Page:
Since then, the word geopolitics has been applied to other theories, most notably the notion of the clash of civilizations. In a peaceable world, neither sea lanes nor surface transport are threatened; hence all countries are effectively close enough from one another physically. It is in the realm of the political ideas and workings that there are differences, and the term has shifted to this arena.

After World War I, Kjellen's thoughts and the term were picked up and extended by a number of scientists: in Germany by Karl Haushofer, Erich Obst, Hermann Lautensach and Otto Maull; in England, Mackinder and Fairgrieve; in France Vidal de la Blache and Vallaux. In 1923 Karl Haushofer founded the "Zeitschrift fr Geopolitik" (magazine for geopolitics), which developed as a propaganda organ for Nazi-Germany.

In the abstract, geopolitics traditionally indicates the links and causal relationships between political power and geographic space; in concrete terms it is often seen as a body of thought assaying specific strategic prescriptions based on the relative importance of land power and sea power in world history. . . . The geopolitical tradition had some consistent concerns, like the geopolitical correlates of power in world politics, the identification of international core areas, and the relationships between naval and terrestrial capabilities.—Oyvind Osterud, The Uses and Abuses of Geopolitics, Journal of Peace Research, no. 2, 1988, p. 191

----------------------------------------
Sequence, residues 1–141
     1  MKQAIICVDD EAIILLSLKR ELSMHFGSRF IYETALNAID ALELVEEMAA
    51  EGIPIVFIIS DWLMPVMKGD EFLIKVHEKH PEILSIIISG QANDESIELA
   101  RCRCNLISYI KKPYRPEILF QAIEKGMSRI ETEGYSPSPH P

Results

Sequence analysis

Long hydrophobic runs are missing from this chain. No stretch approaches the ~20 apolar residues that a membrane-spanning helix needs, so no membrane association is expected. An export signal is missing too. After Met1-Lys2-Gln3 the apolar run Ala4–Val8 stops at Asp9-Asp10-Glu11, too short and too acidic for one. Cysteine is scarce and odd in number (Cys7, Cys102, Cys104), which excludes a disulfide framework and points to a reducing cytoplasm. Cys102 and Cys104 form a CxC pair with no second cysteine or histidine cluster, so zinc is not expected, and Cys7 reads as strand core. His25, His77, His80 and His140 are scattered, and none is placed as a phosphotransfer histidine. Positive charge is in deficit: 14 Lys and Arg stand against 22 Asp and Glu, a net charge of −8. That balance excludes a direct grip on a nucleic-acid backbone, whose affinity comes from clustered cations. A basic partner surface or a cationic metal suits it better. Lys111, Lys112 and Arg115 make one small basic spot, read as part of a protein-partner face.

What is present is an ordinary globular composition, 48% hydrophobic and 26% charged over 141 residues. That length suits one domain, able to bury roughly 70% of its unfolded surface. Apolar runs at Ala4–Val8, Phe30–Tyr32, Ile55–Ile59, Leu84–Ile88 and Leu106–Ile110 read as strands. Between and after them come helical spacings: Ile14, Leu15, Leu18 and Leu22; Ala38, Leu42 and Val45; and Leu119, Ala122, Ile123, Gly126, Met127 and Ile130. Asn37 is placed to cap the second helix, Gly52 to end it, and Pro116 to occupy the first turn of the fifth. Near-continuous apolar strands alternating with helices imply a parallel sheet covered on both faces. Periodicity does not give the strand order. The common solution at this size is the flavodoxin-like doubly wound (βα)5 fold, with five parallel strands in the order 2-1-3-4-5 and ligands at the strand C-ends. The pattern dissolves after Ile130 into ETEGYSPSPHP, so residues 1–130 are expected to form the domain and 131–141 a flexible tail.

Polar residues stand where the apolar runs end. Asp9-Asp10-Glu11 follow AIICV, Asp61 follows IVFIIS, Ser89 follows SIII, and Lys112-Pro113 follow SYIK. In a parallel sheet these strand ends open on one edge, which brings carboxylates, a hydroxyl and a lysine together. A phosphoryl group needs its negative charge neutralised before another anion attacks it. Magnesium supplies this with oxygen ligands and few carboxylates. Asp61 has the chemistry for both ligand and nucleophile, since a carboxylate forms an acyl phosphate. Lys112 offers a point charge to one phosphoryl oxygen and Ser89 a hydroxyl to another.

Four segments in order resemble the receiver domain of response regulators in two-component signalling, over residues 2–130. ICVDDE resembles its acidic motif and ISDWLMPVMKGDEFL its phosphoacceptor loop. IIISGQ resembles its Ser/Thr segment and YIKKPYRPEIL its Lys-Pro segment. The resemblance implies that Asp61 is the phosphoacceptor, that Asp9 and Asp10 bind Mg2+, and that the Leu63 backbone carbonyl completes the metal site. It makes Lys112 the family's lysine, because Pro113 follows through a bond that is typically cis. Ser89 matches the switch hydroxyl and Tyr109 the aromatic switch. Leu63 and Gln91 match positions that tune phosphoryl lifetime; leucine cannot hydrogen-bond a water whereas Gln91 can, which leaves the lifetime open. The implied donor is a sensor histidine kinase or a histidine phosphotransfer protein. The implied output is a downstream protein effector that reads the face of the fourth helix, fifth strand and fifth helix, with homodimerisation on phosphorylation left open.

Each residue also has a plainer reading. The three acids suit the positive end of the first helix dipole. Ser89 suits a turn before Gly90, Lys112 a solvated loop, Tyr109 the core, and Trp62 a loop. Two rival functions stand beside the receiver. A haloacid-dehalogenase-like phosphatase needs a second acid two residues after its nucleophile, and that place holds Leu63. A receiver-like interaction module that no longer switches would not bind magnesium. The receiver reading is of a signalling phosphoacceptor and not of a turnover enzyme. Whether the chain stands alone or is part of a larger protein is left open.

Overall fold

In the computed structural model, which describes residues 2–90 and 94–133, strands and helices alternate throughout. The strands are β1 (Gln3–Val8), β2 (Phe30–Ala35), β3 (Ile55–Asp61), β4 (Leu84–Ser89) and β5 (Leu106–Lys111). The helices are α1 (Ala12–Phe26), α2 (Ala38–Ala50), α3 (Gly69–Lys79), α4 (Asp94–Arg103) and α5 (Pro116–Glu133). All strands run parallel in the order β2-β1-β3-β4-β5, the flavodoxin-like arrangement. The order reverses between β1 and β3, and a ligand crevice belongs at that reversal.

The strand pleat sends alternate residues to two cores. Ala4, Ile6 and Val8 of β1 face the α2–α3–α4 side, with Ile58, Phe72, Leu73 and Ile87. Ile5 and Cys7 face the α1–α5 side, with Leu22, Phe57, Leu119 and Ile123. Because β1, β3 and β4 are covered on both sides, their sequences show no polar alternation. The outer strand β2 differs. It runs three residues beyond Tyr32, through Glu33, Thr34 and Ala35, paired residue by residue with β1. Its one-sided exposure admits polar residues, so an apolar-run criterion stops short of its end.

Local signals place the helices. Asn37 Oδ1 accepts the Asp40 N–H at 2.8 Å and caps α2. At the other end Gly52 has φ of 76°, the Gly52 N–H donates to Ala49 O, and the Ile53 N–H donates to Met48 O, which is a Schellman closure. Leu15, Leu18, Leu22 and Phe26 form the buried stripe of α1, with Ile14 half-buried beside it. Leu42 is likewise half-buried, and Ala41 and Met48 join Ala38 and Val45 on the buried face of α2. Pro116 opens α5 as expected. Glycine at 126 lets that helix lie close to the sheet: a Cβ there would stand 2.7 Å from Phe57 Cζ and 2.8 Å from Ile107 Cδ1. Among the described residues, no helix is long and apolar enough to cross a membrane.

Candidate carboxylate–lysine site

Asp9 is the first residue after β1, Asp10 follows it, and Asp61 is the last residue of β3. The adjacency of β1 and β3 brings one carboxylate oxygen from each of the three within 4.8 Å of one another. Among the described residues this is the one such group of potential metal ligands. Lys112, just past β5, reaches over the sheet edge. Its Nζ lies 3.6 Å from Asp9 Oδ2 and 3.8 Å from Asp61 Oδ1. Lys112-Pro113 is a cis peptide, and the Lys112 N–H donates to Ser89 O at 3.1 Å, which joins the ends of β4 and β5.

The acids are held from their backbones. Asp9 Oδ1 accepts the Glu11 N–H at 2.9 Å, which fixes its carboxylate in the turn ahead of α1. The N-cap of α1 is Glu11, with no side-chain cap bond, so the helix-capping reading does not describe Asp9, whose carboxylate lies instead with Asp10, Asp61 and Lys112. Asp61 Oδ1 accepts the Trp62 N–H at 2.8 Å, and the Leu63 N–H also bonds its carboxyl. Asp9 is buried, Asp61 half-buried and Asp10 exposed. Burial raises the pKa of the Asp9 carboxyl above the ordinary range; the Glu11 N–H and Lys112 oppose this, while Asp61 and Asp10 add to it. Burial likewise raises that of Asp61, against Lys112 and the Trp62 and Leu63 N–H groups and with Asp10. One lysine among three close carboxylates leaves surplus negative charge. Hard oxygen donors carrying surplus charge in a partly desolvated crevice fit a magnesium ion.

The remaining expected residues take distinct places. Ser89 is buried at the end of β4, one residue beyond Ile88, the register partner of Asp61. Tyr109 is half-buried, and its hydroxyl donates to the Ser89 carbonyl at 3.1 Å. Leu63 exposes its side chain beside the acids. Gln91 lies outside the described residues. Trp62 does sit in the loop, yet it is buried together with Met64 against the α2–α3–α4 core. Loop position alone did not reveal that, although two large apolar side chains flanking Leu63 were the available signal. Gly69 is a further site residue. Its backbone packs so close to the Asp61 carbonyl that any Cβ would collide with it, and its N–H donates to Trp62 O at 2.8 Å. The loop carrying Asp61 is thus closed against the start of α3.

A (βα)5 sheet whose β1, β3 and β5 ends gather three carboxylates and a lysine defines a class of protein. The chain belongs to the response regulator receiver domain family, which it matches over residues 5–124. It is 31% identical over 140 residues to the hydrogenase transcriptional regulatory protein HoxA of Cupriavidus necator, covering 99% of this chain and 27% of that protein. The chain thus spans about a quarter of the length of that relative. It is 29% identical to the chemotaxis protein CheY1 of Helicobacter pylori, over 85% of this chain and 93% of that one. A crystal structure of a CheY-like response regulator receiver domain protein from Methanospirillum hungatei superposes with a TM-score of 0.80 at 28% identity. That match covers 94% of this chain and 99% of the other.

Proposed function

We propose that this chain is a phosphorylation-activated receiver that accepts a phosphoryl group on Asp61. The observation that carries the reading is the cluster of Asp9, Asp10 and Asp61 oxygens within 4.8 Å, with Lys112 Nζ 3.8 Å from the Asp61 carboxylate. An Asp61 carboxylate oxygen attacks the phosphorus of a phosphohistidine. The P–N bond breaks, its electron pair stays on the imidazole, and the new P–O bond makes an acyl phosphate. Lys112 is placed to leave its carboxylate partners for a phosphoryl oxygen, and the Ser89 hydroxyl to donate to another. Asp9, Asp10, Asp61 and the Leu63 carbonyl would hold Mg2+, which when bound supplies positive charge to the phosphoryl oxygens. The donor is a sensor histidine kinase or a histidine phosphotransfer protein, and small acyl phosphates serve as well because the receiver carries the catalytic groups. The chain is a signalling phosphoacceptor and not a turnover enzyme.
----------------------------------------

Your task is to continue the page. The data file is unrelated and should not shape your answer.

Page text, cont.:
Further readings

  • O'Loughlin, John / Heske, Henning: From 'Geopolitik' to 'Geopolitique': Converting a Discipline for War to a Discipline for Peace. In: Kliot, N. and Waterman, S. (ed.): The Political Geography of Conflict and Peace. London: Belhaven Press, 1991

External links

See also

lt:Geopolitika ja:地政学 nl:Geopolitiek pl:Geopolityka sv:Geopolitik